Muller’s Nobel lecture on dose–response for ionizing radiation: ideology or science?
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In his Nobel Prize Lecture of December 12, 1946, Hermann J. Muller argued that the dose–response for radiation-induced germ cell mutations was linear and that there was “no escape from the conclusion that there is no threshold”. However, assessment of correspondence between Muller and Curt Stern 1 month prior to his Nobel Prize Lecture reveals that Muller knew the results and implications of a recently completed study at the University of Rochester under the direction of Stern, which directly contradicted his Nobel Prize Lecture. This finding is of historical importance since Muller’s Nobel Lecture gained considerable international attention and is a turning point in the acceptance of the linearity model in risk assessment for germ cell mutations and carcinogens.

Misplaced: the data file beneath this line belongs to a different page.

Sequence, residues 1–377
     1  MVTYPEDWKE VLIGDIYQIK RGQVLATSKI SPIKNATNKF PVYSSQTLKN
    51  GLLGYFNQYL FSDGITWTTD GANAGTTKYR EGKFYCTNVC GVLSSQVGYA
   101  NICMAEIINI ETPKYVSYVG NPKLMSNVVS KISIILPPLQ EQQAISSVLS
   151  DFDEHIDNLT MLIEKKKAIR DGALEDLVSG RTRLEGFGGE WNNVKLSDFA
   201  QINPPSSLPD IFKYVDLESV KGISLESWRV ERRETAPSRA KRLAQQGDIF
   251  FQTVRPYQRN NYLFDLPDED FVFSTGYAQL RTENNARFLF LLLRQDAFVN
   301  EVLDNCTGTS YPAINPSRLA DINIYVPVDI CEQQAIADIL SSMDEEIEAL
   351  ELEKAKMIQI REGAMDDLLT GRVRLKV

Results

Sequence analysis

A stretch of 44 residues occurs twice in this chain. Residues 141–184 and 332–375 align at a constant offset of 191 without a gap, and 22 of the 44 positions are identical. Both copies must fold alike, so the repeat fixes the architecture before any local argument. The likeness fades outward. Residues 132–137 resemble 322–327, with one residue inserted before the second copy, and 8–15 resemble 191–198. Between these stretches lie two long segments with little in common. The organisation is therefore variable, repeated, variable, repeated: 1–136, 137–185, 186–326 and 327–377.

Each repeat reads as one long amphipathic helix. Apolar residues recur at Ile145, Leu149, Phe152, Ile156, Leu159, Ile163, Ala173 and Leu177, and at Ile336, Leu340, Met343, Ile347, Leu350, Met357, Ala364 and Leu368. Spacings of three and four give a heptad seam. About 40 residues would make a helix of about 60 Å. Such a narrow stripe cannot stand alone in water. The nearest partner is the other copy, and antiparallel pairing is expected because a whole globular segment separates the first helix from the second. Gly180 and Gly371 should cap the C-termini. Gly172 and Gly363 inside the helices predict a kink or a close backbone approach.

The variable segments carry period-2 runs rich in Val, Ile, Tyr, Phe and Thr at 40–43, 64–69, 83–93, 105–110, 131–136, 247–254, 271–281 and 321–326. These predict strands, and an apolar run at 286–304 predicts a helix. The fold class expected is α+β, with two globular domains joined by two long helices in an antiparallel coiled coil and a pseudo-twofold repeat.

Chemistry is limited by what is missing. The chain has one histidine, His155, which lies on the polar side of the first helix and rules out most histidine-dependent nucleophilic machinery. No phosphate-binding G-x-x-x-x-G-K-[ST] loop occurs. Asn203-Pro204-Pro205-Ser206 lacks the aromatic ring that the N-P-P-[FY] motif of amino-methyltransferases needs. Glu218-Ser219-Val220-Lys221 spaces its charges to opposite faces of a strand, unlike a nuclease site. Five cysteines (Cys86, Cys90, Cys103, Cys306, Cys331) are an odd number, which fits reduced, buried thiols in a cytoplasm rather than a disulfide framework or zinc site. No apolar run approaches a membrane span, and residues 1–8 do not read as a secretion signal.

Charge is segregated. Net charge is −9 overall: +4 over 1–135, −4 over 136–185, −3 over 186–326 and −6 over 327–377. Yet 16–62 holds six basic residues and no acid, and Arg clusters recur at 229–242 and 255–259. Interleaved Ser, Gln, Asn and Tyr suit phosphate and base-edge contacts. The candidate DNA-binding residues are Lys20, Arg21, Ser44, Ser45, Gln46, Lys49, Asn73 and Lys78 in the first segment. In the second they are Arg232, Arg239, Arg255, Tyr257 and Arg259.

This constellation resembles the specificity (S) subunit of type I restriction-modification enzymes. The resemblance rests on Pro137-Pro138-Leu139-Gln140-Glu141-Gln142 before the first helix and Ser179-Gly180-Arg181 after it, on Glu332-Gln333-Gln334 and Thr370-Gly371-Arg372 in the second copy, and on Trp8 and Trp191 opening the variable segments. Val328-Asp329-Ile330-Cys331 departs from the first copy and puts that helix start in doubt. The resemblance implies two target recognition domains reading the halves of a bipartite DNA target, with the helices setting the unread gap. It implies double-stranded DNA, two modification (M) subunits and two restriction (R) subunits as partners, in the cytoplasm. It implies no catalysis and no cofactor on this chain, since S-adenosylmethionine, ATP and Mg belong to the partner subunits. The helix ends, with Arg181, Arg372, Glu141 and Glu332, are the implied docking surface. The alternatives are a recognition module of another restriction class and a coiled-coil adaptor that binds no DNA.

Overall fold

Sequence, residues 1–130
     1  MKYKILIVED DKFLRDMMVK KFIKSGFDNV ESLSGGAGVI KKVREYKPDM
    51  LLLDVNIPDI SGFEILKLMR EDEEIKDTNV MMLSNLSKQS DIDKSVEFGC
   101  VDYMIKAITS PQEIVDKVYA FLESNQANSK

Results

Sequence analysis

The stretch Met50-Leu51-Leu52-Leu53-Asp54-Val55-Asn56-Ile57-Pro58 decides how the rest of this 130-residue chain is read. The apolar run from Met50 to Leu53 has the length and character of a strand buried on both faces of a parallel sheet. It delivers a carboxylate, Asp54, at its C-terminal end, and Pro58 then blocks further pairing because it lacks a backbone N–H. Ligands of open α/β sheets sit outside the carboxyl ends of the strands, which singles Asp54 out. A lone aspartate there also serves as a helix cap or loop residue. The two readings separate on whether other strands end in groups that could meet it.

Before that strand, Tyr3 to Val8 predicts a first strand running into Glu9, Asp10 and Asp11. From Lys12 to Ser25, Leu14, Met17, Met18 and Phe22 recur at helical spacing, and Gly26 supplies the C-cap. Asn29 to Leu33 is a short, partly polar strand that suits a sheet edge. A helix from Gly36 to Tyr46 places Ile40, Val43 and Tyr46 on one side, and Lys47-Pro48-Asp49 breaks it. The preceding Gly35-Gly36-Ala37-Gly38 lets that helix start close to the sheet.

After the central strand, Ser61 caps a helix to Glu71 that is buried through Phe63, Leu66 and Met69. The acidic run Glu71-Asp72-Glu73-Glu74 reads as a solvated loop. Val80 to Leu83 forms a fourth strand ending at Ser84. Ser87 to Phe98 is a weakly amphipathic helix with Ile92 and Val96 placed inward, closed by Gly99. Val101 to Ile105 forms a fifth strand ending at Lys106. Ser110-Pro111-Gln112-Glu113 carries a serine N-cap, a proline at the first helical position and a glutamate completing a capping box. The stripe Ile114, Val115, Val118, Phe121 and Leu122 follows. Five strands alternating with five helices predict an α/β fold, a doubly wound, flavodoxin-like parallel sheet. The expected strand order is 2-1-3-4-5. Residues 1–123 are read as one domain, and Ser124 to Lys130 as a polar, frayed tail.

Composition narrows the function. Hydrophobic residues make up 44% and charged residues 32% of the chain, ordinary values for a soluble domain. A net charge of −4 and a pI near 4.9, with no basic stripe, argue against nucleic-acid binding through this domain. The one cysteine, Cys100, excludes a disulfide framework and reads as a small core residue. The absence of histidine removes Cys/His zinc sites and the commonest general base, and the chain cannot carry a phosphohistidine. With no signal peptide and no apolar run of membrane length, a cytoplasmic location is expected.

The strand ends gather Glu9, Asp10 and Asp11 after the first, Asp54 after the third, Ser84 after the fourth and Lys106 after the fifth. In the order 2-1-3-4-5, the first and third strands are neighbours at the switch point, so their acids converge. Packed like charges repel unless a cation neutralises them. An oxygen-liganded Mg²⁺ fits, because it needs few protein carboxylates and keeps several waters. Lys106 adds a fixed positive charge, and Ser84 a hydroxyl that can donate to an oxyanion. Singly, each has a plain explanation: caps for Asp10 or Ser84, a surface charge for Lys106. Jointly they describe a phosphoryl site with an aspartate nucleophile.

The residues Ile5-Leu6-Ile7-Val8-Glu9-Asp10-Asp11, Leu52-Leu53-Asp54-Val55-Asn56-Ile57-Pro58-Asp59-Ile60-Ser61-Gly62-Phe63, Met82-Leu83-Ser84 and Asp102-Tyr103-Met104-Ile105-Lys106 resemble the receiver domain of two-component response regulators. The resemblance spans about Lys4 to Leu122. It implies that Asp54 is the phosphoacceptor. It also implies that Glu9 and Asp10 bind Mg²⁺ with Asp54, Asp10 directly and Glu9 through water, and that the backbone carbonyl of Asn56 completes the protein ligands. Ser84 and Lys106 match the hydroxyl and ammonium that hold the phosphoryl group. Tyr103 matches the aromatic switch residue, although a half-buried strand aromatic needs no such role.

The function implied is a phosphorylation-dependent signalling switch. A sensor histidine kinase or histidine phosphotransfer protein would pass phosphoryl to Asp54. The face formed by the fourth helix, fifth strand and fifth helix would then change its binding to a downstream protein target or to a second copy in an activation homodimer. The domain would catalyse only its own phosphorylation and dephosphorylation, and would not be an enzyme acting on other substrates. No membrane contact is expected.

KeywordsLinearity Threshold Hermann J. Muller Nobel Prize Risk assessment X-rays Ionizing radiation
Effort sponsored by the Air Force Office of Scientific Research, Air Force Material Command, USAF, under grant number FA9550-07-1-0248. The US Government is authorized to reproduce and distribute for governmental purposes notwithstanding any copyright notation thereon. The views and conclusions contained herein are those of the authors and should not be interpreted as necessarily representing the official policies or endorsement, either expressed or implied, of the Air Force Office of Scientific Research or the US Government.
Conflict of interest
The author has no conflict of interest.
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